Silent Night is an odd film. It is the type of movie that will sit with you long after the viewing. Thanks to the fantastic cast, great setup, and chilling concept, the movie gets under your skin in the best possible way. If it were not for some tonal issues and slightly odd pacing, it would have been one of the best films out of TIFF 2021. As it stands, it is a brutally depressing look at family and the discomfort they can lead to.
Camille Griffin is a true talent, crafting a film that—on the surface—feels like a light-hearted romp about the end of everything, but holds so much more in store for the viewer. Set during the holidays, it starts as many yuletide stories do, with Christmas music and scenes of all the relatives on their way to a party. Mother of three, Nell (Keira Knightley) and husband Simon (Matthew Goode) are getting everything just right. With the guests approaching and everything ready for the gathering, the film sets up the dynamic we will experience throughout the film. Precocious Art (Roman Griffin Davis) has questions, pushing us to not just accept reality as it is given to him.
“Camille Griffin is a true talent, crafting a film that—on the surface—feels like a light-hearted romp about the end of everything, but holds so much more in store for the viewer. “
This is a setup we have all seen countless times, and it prepares the viewer for the typical holiday fare. Filled with both joy and sorrow, but plenty of family love and mishaps. This is not the direction Silent Night goes in, taking its family in a much more disturbing direction. What started off looking like a simple holiday gathering, quickly turns dark as more details about the holiday are slowly revealed.
With a storm of some nature coming, the country has decided the only solution is that everyone needs to take a pill to die, rather than face the unknown. With little nods to the outcome of the night, though the first act of the film, what started off fun, with a sense of light-hearted joy, quickly sours. Art acts as the voice of reason, questioning all he sees, from why they all need to die, to what the storm means for everyone in their family.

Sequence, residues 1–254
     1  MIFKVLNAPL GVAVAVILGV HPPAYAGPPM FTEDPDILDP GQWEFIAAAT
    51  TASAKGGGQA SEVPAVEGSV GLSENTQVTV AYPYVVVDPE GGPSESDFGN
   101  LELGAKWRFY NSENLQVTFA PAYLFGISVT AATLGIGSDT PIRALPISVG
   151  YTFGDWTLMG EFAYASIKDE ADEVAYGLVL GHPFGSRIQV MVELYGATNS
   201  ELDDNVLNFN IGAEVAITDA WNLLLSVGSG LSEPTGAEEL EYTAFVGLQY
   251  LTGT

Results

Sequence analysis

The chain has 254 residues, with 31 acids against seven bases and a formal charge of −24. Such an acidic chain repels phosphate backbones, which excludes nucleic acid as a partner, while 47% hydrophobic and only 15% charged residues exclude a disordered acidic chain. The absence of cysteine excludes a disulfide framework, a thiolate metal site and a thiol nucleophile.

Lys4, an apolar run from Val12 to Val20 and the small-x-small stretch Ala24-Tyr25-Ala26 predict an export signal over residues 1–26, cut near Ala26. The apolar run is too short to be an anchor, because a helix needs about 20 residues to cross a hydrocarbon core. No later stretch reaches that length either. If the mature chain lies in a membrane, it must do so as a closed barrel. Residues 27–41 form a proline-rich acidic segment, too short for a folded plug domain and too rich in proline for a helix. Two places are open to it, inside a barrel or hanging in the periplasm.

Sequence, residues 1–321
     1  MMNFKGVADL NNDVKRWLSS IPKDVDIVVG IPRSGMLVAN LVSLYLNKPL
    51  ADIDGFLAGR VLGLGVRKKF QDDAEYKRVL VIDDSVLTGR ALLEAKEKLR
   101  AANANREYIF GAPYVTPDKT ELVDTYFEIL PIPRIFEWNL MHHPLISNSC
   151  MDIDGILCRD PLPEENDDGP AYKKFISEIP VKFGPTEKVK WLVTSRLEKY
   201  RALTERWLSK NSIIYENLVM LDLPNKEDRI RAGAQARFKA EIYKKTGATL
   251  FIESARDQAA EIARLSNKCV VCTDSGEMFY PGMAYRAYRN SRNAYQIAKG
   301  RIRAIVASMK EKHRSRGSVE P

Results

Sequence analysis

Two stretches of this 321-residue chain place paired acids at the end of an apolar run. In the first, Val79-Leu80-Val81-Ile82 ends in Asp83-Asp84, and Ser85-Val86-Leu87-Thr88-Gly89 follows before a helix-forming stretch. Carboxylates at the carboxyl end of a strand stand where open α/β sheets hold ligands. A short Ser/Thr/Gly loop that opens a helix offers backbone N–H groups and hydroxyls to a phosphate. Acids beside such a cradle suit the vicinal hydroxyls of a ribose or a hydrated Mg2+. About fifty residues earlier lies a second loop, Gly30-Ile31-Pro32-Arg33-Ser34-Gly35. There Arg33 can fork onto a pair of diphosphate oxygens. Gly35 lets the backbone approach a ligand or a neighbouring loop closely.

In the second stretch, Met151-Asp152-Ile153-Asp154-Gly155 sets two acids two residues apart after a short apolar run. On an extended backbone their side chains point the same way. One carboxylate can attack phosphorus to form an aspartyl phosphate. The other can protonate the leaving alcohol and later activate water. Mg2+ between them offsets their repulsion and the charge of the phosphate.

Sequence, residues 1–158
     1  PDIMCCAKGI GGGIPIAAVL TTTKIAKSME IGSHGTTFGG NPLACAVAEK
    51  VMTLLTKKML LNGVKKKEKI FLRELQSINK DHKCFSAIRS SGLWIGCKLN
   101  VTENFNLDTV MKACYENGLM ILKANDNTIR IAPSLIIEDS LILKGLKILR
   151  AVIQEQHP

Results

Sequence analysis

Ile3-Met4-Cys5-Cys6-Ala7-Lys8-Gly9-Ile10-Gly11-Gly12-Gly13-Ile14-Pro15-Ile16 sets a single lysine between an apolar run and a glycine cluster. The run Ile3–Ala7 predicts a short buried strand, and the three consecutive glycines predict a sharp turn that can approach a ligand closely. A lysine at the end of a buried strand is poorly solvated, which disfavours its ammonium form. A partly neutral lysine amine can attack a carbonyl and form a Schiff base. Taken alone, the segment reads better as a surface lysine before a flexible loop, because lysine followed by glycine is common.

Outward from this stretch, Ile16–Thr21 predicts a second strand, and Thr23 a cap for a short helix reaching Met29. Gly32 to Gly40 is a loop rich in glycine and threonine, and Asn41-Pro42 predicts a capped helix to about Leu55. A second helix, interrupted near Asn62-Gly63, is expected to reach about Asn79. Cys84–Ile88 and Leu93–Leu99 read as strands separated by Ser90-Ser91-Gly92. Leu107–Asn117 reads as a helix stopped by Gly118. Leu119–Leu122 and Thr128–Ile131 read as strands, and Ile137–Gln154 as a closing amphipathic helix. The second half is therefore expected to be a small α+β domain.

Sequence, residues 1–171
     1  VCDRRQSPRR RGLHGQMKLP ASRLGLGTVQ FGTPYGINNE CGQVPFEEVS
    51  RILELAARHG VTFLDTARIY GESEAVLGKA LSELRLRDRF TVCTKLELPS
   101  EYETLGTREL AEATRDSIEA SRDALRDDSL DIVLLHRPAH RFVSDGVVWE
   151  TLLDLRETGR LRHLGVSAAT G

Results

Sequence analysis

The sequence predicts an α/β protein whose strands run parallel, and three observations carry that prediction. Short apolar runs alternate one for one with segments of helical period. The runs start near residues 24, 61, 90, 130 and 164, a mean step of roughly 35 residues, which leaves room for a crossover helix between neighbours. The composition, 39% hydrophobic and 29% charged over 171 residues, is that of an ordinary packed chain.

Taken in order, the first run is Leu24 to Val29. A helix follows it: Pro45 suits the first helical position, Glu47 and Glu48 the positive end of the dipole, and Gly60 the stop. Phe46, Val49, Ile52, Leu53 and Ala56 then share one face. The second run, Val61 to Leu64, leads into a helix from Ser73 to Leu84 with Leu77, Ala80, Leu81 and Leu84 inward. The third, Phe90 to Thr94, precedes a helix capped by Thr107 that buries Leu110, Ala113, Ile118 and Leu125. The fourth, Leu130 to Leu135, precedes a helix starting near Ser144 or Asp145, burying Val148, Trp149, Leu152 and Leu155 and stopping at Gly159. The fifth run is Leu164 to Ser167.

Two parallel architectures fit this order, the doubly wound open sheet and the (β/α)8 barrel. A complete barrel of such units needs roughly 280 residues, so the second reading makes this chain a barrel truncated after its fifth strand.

There are countless questions about class struggle and blindly listening to your government. Many characters reflect on not doing anything to help others during their lives. The awkward humour and family dynamics ensure the proceedings (almost) never veer too far from dark dramedy, with the family banter feeling oddly familiar even as they all face inevitable doom.
“Silent Night is a darkly funny horror gem that should not be missed.”
With kids involved, and the pregnant character, Sophie (Lily-Rose Depp), playing a major role in the ensemble efforts, even when things are played in a lighthearted manner, many will feel the bitter bite of where the film will take its cast. The final act opts to embrace the horror-like elements, delivering a brutal ending that could be a hard pill for many to swallow. The storm is far more dangerous than anyone can even imagine, and as the characters come to terms with what they think they have already accepted. The reality of their end quickly comes into focus.
For the most part, Silent Night works. It paints a picture of the end of everything, and how most of us would love to experience it—with family and friends by our sides. Yet, Camille Griffin plays with that idea to make it part of the horror. The resentment and secrets we all keep, come out in a bloodbath of emotion and regret. It is a hard film to watch, but the fantastic cast and darkly comedic elements guide the viewer through some of the most tragic subjects I have seen in a long while (think The Mist). While not for the faint of heart, Silent Night is a darkly funny horror gem that should not be missed.